Observations on roll-out of statewide health information exchange in Massachusetts
It is a funny time in the world of health information exchange here in Massachusetts as the Mass HIway enters its fourth year of rolling out direct messaging statewide. There are some healthcare providers that are way out front. The kinds of things they think about are:
- How do we move patient information in a way that can save more lives? Whether that be to the ED or even to the ambulances.
- How can we set up trust, triggers, and transport in a way that lets the computers move information around before the clinicians even know they need it?
- What is the next generation of the care summary and how can we innovate to help our clinicians distinguish the signal from the noise?
- How can we efficiently put clinical and quality information together to support our jump into value based purchasing contracts?
But there are only a few way out in front. Those providers in the healthcare system transformation “Peloton” are still in the throes of Meaningful Use and its peculiarities. The kinds of things they think about are:
- Where can I send care summaries to make our TOC thresholds?
- Who is connected to me and how?
- How can I address the message?
- What the heck am I sending? Can I review it before it goes out? Can I choose what goes in and what is redacted?
- How are we going to be sure we don’t inadvertently disclose sensitive information without proper patient permission?
- Numerators and denominators and attestation
The peculiar part of this time is that most of the provider focus is on sending information without equal and opposite attention to receiving. And I think that is ok – for a little while. We need this “tweener time” when everyone focuses very practically on all the hard policies, technology, and workflow changes to move patient information out through electronic channels.
But what to do with the receiving end of the line during the tweener time?
Here are some good ideas that are happening that are not working particularly well on the receiving side:
- Trying to remain “unlisted” in provider directories so no one can find our clinician addresses
- Setting up auto replies that tell senders “thank you very much for the information but we are not ready to use it yet [and we don’t want the associated liability for using/or not using your information]”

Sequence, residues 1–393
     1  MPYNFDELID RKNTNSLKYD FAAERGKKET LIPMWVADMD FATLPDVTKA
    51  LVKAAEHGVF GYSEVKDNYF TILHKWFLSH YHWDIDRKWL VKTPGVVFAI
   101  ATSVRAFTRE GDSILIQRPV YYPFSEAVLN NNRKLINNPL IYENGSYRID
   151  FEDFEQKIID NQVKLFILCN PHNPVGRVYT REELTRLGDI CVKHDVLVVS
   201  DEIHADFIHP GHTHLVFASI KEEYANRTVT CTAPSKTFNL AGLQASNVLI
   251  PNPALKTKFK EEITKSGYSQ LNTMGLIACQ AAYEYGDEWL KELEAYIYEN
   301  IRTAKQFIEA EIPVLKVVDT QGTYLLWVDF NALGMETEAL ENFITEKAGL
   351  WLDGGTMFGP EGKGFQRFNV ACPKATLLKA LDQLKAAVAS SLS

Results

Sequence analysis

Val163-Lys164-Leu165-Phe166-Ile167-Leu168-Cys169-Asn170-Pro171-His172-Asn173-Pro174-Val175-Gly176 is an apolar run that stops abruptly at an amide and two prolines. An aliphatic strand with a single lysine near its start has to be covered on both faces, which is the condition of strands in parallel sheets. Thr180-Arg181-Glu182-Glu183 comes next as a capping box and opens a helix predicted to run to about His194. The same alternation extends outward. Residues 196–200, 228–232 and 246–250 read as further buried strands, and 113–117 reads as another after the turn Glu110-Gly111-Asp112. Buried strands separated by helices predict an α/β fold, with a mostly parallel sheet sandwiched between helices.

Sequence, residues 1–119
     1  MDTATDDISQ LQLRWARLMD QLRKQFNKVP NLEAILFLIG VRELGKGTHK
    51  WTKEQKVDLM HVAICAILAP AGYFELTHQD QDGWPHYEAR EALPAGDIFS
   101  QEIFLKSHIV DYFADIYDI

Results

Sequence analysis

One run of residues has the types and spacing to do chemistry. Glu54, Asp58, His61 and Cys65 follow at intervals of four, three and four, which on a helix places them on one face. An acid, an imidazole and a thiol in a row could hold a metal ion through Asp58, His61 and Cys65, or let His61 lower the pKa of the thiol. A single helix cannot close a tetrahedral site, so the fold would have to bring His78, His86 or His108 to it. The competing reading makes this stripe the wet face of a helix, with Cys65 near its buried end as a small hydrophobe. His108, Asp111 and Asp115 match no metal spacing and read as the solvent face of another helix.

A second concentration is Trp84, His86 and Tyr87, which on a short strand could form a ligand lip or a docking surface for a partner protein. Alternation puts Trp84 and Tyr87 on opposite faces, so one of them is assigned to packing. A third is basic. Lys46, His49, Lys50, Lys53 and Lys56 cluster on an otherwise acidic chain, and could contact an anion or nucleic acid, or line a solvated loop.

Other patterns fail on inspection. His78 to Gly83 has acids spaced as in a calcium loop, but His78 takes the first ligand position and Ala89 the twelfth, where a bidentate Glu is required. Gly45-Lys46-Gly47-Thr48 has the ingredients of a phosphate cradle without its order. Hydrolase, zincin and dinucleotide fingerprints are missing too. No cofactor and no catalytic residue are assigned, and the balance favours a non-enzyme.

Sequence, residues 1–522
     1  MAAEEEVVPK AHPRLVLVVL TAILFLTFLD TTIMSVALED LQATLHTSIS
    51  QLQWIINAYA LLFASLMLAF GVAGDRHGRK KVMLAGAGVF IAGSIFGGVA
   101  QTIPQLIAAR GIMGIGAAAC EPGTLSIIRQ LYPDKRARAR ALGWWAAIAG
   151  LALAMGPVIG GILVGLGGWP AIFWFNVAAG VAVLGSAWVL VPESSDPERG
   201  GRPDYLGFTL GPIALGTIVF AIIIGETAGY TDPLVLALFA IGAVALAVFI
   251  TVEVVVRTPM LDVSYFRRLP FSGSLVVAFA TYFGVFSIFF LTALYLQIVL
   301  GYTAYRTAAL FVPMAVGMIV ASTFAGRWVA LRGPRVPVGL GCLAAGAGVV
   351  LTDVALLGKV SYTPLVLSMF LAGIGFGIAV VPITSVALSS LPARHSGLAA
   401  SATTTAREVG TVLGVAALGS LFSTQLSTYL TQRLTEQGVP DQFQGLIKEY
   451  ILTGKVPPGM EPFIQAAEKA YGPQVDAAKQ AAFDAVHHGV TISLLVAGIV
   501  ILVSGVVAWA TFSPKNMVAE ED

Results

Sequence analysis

- Delaying sending care summaries until we are also ready to receive
One approach is working pretty well to date. Several organizations are talking to one another prior to sending any clinical information electronically. They are agreeing to parallel send information through legacy channels. They are letting each other know that the patient information sent electronically will not be used during a transition and learning period. They are agreeing that there will be an agreed to hard “cutover” point when they will be using [and liable for] information received.
The tweener time is giving the organizations space to get the sending part right – and that is hard enough. They are then able to look at the information that is accumulating in the Inbox and systematically figure out how to deal with it. This means figuring out what their EHR [and perhaps integration] software can do and how to route information to departments and individuals. It also means opening the feedback channels to sending organizations to get them to improve their care summaries. [No clinicians have the time nor patience to review 90 page care summaries.]
Clearly there are weaknesses in this approach. Clinicians and attorneys alike don’t like to send and receive information that is just going to go to a holding tank and not going to be used. There are liability issues to be worked through. There are lots of catch-22 conversations to try to steer around. But the core argument is that we need a defined period of time to transition to electronic exchange of patient information and an “all give – no take” approach will tie the whole healthcare delivery system up for years.